Use this URL to cite or link to this record in EThOS: https://ethos.bl.uk/OrderDetails.do?uin=uk.bl.ethos.368064
Title: A reappraisal of the American eugenics movement, in the light of German eugenics (1918-1945)
Author: Lelliott, Jonathan Andrew
ISNI:       0000 0001 3608 0215
Awarding Body: University of London
Current Institution: University College London (University of London)
Date of Award: 2001
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Abstract:
The accepted version of the history of eugenics - put forward by Kevles, Allen and Barkan amongst others - is that the example of Nazi eugenics contributed to the decline of the eugenics movement in the USA. This dissertation challenges that view and argues that Nazism was irrelevant to that decline. In so doing this work argues against the widely held chronology of American eugenics. Whilst most historians suggest that the older (orthodox) style of American eugenics was weakened by 1933 and then killed off by Nazism, this work argues that it was already finished by 1933. Historians have argued that the newer (reform) eugenics movement began to decline and transformed itself into new fields and organisations partly because eugenics was so widely discredited by Nazism. This dissertation suggests that reform eugenics was not a coherent ideology, but was rather a collection of reactions to the older type of eugenics. As such it could only exist while there was an older eugenics movement to react against. It then voluntarily transformed itself into new fields, as it was too diverse to survive. The fields which developed using parts of the eugenics ideology included population control movements, birth control and family planning, human and population genetics. Orthodox eugenics collapsed because of changes in scientific and social scientific knowledge, the emergence of birth control, opposition from groups like the Catholic Church and changes in economic circumstances. By 1933 the programme of the older generation had not changed, but all of its concerns had been removed from the scientific field to the area of social and cultural concerns. Furthermore, there were tangible and clear-cut distinctions between American and German eugenics, in terms of policy and there were fractures in the international eugenics movement that led to a formal distance between German and American eugenics.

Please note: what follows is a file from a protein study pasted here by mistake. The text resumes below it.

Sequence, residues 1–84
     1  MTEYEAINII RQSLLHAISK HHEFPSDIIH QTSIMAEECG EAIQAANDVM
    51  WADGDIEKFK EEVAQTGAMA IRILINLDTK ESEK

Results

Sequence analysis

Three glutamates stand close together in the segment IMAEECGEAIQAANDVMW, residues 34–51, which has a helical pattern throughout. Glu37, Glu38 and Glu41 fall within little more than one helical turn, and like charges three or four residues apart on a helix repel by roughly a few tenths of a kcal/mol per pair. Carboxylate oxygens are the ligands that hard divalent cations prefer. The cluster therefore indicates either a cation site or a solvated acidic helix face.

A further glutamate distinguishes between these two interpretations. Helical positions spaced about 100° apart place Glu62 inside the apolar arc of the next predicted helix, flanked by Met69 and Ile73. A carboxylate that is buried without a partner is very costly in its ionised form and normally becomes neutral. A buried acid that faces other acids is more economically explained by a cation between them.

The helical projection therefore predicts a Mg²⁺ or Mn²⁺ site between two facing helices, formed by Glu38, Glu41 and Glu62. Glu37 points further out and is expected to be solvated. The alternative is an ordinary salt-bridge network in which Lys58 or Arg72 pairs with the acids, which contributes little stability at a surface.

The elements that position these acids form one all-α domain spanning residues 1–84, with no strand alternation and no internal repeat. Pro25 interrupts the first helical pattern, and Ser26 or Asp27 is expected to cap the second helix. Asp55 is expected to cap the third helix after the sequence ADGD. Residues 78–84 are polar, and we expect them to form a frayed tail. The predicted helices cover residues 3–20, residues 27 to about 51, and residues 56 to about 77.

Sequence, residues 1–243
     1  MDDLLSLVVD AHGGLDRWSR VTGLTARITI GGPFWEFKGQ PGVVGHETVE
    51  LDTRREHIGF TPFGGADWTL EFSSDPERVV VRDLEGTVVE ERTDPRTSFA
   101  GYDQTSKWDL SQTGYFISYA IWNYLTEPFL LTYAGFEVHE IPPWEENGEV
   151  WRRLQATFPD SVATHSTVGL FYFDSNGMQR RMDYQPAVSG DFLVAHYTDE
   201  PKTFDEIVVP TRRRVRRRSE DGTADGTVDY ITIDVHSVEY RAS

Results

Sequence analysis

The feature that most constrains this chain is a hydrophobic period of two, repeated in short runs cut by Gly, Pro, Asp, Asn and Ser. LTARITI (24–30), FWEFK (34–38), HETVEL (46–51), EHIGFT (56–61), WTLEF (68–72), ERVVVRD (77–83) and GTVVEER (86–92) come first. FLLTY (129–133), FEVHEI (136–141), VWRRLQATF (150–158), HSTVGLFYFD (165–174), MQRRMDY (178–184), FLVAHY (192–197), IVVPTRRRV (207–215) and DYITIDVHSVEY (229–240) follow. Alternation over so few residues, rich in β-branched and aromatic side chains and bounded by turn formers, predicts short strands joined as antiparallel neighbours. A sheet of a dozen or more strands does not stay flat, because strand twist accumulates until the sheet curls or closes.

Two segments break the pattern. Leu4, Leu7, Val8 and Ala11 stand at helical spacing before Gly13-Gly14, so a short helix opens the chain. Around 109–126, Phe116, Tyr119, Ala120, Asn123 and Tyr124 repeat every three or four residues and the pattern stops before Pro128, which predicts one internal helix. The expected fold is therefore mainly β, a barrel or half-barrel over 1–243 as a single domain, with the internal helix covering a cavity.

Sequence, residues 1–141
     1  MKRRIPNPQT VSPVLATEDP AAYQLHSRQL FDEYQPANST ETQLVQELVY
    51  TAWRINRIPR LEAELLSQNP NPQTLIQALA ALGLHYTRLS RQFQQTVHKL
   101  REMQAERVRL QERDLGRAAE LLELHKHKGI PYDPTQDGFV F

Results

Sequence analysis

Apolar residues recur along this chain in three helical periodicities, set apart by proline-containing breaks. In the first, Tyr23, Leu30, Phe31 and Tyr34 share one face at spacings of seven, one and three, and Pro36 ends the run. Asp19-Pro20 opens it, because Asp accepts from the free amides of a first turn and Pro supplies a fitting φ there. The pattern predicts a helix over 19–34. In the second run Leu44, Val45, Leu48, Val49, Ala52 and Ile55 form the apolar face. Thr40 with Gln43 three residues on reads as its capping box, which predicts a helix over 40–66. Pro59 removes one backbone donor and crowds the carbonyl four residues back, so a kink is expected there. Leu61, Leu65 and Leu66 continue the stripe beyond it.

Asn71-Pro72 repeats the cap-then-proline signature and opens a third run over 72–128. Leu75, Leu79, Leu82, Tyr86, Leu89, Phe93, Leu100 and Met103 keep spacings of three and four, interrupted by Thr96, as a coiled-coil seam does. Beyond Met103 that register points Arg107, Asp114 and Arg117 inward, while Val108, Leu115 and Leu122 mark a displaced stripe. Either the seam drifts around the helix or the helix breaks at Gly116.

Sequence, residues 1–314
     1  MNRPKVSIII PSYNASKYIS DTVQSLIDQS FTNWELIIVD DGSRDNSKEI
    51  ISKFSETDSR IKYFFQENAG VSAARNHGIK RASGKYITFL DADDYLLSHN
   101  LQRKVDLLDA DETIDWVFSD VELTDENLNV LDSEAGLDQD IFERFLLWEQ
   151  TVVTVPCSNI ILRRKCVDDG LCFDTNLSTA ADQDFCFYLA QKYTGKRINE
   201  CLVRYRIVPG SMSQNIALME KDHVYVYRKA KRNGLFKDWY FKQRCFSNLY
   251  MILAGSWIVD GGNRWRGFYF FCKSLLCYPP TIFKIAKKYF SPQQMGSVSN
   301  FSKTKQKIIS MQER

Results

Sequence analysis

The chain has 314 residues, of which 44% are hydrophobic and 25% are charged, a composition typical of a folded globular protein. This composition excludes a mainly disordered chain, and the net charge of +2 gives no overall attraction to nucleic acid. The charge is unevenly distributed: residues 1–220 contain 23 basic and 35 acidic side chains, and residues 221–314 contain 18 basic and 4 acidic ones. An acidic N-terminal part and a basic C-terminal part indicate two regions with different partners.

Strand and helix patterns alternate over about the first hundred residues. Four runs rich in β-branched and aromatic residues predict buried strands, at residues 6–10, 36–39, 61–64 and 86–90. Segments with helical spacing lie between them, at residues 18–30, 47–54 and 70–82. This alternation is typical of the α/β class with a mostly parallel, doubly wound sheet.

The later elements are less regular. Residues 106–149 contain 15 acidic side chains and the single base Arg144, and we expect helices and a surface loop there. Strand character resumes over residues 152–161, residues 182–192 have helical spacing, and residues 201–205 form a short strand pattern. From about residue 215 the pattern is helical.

Supervisor: Not available Sponsor: Not available
Qualification Name: Thesis (Ph.D.) Qualification Level: Doctoral
EThOS ID: uk.bl.ethos.368064  DOI: Not available
Keywords: Nazi; Nazism
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